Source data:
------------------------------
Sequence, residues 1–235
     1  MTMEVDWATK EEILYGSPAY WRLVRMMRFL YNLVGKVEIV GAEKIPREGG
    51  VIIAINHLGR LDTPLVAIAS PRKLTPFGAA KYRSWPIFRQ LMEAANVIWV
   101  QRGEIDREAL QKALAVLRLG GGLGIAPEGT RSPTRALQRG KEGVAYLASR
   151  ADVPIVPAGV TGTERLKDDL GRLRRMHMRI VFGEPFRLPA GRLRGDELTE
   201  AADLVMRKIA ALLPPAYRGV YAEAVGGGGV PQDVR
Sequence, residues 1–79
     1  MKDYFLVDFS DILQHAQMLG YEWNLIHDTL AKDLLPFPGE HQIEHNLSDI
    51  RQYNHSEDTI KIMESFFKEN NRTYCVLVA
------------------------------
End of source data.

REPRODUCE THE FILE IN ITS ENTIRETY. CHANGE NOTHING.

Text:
Sequence, residues 1–235
     1  MTMEVDWATK EEILYGSPAY WRLVRMMRFL YNLVGKVEIV GAEKIPREGG
    51  VIIAINHLGR LDTPLVAIAS PRKLTPFGAA KYRSWPIFRQ LMEAANVIWV
   101  QRGEIDREAL QKALAVLRLG GGLGIAPEGT RSPTRALQRG KEGVAYLASR
   151  ADVPIVPAGV TGTERLKDDL GRLRRMHMRI VFGEPFRLPA GRLRGDELTE
   201  AADLVMRKIA ALLPPAYRGV YAEAVGGGGV PQDVR
Sequence, residues 1–79
     1  MKDYFLVDFS DILQHAQMLG YEWNLIHDTL AKDLLPFPGE HQIEHNLSDI
    51  RQYNHSEDTI KIMESFFKEN NRTYCVLVA